In the past, we have proposed a semantic similarity function that takes into account the patients medical profiles, showing its superiority over a traditional measure [9,10] in group recommendations in the health domain. In addition, we have focused on the notion of fairness , devising an aggregation method for ensuring that if the group recommendation list provides a high relevant document for a patient, then that patient may be tolerant of the existence of documents that are not relevant to him/her. However, although usually health professionals target closely related health problems, the education level, health literacy level, and psycho-emotional status of the group are of high importance, as the content that the health professional should recommend, should be based on the aforementioned axes. To this direction we further extend the dimensions considered for finding similar users and we introduce a new aggregation method called AccScores, outperforming existing ones.
More specifically, the contributions of our work are the following.
We demonstrate a multidimensional group recommendation model in the health domain, using collaborative filtering.
We propose a novel semantic similarity function that takes into account, in addition to the patients medical problems, the education, the health literacy and the psycho-emotional status of the patients, showing its superiority over a traditional measure.
We introduce a new aggregation method accumulating preference scores, called AccScores, showing that it dominates other aggregation methods and is able to produce fair recommendations to small groups of patients.
We experimentally show the value of our approach, introducing the first synthetic dataset with such information for benchmarking works in the area.
This paper significantly extends our previous work in , by introducing two new similarity measures and a way to combine the different similarities functions into one. Furthermore, we introduce a new aggregation method and we present the relevant experiments. To our knowledge, this is the first work in group recommendations in the health domain considering multiple dimensions for increasing the quality of the proposed recommendations. The requirements for generating such a tool originally came from the iManageCancer  and the BOUNCE  H2020 EU research projects.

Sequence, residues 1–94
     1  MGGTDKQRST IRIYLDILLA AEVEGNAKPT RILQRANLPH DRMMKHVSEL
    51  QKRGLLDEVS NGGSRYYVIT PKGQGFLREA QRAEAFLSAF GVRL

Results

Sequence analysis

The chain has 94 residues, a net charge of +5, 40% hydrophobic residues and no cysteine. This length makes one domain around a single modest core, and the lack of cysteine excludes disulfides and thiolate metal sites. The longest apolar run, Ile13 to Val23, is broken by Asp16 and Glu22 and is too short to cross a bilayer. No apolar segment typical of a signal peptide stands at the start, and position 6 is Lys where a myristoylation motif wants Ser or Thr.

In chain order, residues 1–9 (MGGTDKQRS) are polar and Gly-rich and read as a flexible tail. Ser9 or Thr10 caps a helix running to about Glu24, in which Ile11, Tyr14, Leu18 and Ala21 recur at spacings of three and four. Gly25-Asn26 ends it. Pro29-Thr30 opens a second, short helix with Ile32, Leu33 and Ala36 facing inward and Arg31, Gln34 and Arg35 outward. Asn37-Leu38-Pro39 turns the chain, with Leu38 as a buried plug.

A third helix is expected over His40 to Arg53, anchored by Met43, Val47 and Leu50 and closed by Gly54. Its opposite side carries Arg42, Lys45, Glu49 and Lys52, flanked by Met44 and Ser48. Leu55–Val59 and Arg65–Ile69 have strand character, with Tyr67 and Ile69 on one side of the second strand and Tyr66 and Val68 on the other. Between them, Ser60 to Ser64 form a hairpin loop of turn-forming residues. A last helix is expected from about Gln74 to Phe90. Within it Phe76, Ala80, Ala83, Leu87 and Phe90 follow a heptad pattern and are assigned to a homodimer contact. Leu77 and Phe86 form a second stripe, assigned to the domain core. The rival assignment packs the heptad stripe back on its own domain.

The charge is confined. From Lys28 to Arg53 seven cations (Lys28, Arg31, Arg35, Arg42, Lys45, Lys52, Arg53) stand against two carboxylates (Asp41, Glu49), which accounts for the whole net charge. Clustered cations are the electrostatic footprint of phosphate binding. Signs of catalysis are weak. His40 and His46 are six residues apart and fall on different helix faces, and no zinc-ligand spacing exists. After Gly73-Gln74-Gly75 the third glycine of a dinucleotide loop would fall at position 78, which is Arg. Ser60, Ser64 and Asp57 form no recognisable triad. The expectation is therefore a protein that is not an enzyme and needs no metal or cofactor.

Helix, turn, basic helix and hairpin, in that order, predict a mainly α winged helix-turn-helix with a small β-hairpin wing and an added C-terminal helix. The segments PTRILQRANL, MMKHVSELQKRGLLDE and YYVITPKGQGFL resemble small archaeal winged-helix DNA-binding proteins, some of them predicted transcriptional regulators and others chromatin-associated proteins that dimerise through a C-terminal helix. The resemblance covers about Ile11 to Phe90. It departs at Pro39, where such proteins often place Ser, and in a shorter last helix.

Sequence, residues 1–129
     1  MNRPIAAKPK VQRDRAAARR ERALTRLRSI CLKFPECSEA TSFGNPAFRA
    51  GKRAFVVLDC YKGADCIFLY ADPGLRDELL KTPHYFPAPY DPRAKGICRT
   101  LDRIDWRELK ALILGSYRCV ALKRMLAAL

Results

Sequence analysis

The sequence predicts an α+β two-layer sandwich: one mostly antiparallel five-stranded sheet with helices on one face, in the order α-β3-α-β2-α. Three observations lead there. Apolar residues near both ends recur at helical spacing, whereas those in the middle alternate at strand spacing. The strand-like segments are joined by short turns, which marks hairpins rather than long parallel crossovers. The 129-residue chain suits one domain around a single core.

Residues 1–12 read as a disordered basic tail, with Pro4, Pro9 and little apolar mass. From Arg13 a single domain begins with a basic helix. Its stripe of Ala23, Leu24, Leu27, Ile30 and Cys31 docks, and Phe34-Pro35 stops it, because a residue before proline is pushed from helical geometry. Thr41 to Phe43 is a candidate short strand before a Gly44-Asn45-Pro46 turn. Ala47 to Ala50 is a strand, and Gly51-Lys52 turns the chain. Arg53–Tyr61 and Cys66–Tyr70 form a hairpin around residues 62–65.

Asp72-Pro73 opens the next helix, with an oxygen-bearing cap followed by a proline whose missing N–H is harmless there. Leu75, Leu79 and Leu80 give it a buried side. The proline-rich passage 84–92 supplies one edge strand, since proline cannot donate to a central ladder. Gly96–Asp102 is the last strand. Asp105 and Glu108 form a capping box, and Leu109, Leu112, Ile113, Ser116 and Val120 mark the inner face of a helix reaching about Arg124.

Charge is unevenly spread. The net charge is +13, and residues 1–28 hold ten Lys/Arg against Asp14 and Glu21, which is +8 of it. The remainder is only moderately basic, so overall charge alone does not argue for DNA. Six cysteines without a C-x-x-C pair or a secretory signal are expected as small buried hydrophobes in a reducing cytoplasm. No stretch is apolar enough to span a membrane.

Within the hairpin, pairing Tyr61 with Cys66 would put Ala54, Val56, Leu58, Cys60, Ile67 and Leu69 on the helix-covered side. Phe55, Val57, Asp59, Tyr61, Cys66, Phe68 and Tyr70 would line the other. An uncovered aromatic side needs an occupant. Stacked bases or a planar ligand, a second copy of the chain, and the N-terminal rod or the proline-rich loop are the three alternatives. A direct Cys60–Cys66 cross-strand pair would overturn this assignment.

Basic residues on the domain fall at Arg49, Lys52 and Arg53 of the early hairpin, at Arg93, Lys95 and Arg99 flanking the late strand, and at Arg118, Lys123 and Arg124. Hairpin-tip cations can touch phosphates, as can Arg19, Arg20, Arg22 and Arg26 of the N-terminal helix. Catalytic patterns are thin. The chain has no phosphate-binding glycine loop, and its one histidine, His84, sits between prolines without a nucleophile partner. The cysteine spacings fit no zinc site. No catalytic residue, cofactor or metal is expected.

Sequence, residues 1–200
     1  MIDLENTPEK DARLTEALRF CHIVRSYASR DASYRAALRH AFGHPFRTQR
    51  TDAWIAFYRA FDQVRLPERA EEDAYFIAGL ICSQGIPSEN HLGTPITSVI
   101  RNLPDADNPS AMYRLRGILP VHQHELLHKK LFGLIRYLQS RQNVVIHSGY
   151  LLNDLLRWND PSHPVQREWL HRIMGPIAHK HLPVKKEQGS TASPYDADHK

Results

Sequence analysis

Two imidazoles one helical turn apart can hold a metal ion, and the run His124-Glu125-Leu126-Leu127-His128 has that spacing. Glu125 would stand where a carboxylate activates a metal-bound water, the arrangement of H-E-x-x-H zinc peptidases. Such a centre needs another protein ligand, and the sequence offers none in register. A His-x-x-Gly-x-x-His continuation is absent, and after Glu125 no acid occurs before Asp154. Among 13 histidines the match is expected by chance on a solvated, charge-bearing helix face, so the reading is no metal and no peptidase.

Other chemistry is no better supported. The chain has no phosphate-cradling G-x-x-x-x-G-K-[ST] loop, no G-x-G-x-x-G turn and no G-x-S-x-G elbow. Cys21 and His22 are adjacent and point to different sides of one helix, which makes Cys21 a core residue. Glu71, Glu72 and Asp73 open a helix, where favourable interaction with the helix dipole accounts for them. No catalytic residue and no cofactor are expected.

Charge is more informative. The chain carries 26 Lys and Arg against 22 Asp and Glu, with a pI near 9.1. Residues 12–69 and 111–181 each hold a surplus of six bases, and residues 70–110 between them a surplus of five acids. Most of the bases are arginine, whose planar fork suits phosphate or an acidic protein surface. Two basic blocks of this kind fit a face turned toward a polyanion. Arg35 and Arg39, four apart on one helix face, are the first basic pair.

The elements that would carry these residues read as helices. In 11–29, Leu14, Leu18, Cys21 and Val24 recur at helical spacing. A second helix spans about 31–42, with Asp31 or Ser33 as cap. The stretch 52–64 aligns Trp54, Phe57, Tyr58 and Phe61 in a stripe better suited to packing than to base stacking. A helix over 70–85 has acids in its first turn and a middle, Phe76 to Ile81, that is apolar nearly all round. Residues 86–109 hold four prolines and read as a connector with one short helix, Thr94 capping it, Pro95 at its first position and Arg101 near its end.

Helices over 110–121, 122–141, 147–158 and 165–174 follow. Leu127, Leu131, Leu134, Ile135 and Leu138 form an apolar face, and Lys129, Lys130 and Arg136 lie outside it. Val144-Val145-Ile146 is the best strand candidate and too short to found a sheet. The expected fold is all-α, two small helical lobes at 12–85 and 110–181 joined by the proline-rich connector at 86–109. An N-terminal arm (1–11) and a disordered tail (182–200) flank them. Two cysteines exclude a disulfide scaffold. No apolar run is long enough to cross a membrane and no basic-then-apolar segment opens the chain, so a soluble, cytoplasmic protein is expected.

The rest of this paper is structured as follows. Section 2 presents related work. Section 3 focuses on identifying similarities between users and on how to produce single user recommendations. Section 4 focuses on the group recommendations model, and Section 5 presents the synthetic dataset constructed for evaluation. Finally, Section 6 presents experimental evaluation, and Section 7 concludes the paper.
2. Related Work
Typically, recommendation approaches  are distinguished between content-based, which recommends items similar to those the user previously preferred (see, e.g., ), and collaborative filtering, which recommend items that users with similar preferences like (see, e.g., ). Nowadays, recommendations have more broad applications , beyond products, like links (friends) recommendations , query recommendations , open source software recommendations , diverse venue recommendations , sequential recommendations [22,23], or even recommendations for evolution measures [24,25].
Although traditional research on recommender systems has almost exclusively focused on providing recommendations to single users, there exist many cases where the system needs to suggest items to groups of users [26,27]. As an example consider a group of friends deciding to dine at a restaurant. Typically, for producing group recommendations, we first compute recommendations for each group member separately, and then employ an aggregation strategy across them to compile the group recommendations (see, e.g., [28,29]). Various aggregation strategies can be applied to find a consensus between users for particular items, by minimizing, for instance, the disagreements between the group members. More recently, the authors of  analyze the problem of recommending sets of items to groups incorporating factors, like user impact, viability, and fairness.
Recommendations in the Health Domain